Is the FIRE Movement BS?

What is FIRE?

  • Save 40%-70% of your after-tax income (we saved 70%).
  • Quit your full-time job after ten years or so, usually in your 30’s or 40’s. Few have achieved this in their 20's.
  • Learning to avoid revolving credit card debt.
  • The focus is on the short-term sacrifice to achieve the goal as fast as possible, which usually means being frugal and reducing expenses.
  • Pay off your mortgage, or end up downsizing to a smaller/cheaper house.
  • Invest in low-fee investments, like index funds.
  • Drive used cars, and if possible, downsize to one or zero cars.
  • Many use the 4% rule to determine when they can retire. The idea is that pulling out 4% per year from your investment “should” mean your investments continue to grow, and you don’t need to live off of the principle. So having $1,000,000 invested, you could live off of $40,000/year.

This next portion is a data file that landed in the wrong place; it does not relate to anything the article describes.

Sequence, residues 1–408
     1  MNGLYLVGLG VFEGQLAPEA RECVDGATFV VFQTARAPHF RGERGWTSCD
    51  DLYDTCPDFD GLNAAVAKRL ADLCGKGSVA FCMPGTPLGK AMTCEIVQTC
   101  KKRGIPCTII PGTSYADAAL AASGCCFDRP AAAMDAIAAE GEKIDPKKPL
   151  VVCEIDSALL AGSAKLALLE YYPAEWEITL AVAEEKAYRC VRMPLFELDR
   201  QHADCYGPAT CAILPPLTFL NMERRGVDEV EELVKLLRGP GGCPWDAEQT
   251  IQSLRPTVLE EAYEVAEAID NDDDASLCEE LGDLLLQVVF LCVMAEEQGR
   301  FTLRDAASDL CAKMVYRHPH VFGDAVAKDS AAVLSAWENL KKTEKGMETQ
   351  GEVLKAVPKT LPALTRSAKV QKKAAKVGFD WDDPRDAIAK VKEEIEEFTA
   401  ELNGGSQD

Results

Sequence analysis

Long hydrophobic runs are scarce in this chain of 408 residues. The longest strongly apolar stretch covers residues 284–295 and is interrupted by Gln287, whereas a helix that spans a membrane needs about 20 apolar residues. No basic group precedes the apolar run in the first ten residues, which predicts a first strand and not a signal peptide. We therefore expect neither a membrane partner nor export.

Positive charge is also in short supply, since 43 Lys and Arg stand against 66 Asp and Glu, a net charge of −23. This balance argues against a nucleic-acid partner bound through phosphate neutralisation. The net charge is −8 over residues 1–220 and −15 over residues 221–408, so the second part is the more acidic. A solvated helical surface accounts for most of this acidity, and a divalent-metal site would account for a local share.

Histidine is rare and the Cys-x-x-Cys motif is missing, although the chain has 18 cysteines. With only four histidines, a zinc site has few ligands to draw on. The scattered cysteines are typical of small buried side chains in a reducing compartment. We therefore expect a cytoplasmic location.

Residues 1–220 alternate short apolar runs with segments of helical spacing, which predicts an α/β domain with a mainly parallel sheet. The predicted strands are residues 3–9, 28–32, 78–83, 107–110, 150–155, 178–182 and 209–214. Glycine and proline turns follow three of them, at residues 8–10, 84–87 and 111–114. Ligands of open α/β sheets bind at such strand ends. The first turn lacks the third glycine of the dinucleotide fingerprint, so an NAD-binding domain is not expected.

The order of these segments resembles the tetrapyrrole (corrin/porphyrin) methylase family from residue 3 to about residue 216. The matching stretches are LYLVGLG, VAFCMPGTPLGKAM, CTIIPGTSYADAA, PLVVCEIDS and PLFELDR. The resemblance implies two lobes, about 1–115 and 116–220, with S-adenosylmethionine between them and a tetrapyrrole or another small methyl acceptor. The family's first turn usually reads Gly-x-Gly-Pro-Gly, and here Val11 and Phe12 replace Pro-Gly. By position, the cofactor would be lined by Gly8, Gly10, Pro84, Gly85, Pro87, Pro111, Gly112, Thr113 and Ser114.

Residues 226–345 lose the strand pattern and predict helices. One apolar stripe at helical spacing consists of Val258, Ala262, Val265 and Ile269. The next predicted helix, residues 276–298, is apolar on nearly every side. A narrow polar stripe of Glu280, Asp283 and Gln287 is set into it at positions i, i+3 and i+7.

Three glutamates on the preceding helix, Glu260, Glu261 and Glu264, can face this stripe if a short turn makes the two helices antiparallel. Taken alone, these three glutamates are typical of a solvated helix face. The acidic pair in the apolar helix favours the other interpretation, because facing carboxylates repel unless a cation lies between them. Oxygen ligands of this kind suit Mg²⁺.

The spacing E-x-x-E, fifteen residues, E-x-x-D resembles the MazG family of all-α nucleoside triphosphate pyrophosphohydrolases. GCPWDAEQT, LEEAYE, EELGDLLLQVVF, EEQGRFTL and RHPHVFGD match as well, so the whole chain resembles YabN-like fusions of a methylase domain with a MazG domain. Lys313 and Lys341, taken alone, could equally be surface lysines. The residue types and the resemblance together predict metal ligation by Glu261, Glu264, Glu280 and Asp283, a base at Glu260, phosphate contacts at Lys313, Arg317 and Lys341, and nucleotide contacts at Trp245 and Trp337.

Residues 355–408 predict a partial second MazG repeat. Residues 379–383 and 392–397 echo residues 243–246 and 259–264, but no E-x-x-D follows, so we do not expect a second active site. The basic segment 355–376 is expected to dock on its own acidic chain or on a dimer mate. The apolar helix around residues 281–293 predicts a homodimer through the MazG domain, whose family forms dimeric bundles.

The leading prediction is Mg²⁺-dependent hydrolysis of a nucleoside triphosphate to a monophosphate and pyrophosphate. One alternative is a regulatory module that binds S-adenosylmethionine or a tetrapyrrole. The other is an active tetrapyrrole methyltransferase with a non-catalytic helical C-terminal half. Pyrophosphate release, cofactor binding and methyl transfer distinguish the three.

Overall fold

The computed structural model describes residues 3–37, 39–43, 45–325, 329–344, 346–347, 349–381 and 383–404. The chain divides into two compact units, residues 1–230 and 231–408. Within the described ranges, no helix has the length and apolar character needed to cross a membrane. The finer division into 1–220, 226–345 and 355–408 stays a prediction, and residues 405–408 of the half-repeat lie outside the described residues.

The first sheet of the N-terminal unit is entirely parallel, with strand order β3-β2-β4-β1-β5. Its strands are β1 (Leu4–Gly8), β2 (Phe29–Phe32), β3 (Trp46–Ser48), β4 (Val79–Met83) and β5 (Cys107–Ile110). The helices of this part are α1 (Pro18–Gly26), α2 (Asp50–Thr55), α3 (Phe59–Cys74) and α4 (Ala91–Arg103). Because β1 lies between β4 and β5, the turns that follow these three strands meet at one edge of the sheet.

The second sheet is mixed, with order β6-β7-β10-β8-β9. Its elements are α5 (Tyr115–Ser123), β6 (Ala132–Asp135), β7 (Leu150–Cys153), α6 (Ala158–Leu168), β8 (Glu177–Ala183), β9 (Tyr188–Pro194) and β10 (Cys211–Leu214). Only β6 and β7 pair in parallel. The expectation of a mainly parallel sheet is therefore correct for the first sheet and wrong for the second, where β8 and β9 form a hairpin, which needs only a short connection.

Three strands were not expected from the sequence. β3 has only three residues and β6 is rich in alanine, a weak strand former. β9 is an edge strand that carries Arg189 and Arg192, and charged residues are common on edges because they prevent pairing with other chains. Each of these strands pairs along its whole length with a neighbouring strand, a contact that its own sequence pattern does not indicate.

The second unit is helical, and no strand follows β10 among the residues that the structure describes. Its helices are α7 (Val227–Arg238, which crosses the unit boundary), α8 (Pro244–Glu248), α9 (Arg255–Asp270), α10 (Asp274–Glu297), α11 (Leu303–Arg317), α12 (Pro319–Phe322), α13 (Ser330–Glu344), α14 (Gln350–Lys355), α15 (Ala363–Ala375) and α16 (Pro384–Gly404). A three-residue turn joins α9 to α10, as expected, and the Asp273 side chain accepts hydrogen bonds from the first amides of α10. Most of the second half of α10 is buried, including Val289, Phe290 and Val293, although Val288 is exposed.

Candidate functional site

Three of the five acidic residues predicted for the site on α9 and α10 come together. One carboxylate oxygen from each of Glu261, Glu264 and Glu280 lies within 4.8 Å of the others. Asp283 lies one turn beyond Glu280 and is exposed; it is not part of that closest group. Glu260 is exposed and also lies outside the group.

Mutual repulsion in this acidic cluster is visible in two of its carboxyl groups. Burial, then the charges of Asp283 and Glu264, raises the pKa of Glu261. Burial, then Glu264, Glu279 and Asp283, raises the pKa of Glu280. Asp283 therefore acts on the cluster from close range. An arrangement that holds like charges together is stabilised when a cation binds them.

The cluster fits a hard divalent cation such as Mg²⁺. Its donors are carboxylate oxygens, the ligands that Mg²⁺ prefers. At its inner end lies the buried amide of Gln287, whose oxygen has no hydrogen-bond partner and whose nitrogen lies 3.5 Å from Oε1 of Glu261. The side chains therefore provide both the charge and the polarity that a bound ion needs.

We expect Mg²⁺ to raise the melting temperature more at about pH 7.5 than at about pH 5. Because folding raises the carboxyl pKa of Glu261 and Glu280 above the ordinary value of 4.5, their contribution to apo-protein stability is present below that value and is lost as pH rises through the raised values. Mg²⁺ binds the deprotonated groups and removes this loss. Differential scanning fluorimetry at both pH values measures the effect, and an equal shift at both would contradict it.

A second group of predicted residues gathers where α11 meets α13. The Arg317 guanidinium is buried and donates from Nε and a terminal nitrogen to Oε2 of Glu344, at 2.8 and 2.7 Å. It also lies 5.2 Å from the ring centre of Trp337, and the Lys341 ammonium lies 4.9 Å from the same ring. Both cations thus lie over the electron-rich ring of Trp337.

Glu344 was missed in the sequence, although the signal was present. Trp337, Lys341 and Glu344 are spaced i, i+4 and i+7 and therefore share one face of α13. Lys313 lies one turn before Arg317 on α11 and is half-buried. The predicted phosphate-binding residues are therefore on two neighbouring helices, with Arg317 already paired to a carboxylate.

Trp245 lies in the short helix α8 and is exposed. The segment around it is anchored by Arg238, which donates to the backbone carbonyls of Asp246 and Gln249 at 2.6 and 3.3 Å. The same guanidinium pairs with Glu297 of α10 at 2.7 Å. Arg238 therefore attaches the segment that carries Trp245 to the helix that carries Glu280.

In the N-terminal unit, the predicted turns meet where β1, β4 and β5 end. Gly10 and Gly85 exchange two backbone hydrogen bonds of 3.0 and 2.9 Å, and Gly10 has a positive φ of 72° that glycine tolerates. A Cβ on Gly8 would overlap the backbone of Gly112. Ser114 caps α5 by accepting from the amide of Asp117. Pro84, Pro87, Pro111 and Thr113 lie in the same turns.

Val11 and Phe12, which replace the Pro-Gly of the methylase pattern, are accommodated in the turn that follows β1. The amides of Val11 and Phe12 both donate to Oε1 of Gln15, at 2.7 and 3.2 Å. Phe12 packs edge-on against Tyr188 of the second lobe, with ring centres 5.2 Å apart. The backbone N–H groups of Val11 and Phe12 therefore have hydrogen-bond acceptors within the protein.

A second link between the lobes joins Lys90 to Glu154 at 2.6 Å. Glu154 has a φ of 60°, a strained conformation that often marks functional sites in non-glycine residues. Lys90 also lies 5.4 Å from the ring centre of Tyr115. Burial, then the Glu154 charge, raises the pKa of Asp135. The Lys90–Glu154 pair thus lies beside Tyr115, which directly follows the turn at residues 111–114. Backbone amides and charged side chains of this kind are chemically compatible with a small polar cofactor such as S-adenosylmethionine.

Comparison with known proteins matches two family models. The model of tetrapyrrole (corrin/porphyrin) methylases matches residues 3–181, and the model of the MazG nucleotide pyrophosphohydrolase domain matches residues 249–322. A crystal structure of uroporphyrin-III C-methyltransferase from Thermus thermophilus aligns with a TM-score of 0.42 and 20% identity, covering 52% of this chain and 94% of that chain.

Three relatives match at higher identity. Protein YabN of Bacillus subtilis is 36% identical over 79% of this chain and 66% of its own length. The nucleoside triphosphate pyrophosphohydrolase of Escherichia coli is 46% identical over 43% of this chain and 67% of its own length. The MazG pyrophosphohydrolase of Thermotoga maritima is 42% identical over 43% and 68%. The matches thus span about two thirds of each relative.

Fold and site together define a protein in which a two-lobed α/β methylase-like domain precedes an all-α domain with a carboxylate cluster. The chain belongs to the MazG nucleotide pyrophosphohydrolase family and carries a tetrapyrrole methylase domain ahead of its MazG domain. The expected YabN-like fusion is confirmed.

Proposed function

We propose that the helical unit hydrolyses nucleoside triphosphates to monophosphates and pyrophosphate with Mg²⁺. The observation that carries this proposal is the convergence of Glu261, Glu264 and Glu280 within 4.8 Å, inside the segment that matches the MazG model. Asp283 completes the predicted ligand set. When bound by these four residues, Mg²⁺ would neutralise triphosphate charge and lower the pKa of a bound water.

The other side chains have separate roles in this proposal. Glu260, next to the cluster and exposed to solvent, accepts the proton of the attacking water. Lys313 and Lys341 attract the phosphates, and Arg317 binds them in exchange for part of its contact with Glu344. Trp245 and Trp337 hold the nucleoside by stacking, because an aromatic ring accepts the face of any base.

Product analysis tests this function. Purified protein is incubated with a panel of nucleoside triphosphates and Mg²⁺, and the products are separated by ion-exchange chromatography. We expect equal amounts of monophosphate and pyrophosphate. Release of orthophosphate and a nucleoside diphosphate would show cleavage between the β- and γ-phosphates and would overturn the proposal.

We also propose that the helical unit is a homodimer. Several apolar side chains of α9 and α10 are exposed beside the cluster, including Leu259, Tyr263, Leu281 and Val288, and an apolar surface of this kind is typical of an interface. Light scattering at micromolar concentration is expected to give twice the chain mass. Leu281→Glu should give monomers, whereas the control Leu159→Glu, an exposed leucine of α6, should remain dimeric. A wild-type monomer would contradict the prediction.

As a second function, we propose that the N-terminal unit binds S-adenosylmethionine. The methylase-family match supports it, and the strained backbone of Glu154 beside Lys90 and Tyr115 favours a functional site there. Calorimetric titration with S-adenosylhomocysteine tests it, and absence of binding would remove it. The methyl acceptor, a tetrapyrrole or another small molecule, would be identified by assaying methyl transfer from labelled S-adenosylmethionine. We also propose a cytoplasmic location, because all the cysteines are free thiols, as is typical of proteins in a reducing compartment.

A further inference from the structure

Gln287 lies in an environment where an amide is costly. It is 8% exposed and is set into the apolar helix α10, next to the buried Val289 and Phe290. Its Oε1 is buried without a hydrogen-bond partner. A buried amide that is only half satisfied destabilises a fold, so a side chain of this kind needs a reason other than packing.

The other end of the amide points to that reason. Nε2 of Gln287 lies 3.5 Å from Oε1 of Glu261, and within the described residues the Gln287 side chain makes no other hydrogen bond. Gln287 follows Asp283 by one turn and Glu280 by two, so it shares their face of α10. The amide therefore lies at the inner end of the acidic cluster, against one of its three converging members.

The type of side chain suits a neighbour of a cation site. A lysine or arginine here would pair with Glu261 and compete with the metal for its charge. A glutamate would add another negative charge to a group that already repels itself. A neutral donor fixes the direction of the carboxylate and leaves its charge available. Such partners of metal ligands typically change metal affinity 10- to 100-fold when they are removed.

• Many blogs are trying to re-wire the standard definition of FIRE by focusing on financial independence.
  • Having financial independence is usually defined as having a net worth of 25x your expenses.
  • The definition of “retirement” is used loosely. The goal is not necessarily to quit your job but to have the flexibility in how/when you work.
  • Increasing income helps to achieve financial independence faster.
  • It is about hacking life to pursue your goals.

What I Like About FIRE

Frugality doesn’t equal deprivation.

Financial independence is color blind.

Thinking about the Future

Debt is Evil

Most of us can save more money than we think.

Focus on Happiness

What I Don’t Like About FIRE

Some of Us Can’t Relate.

A lot of popular FIRE blogs are making tons of money.

Who sincerely wants to live off of $40k per year?

What if you don’t hate your job?

Summary

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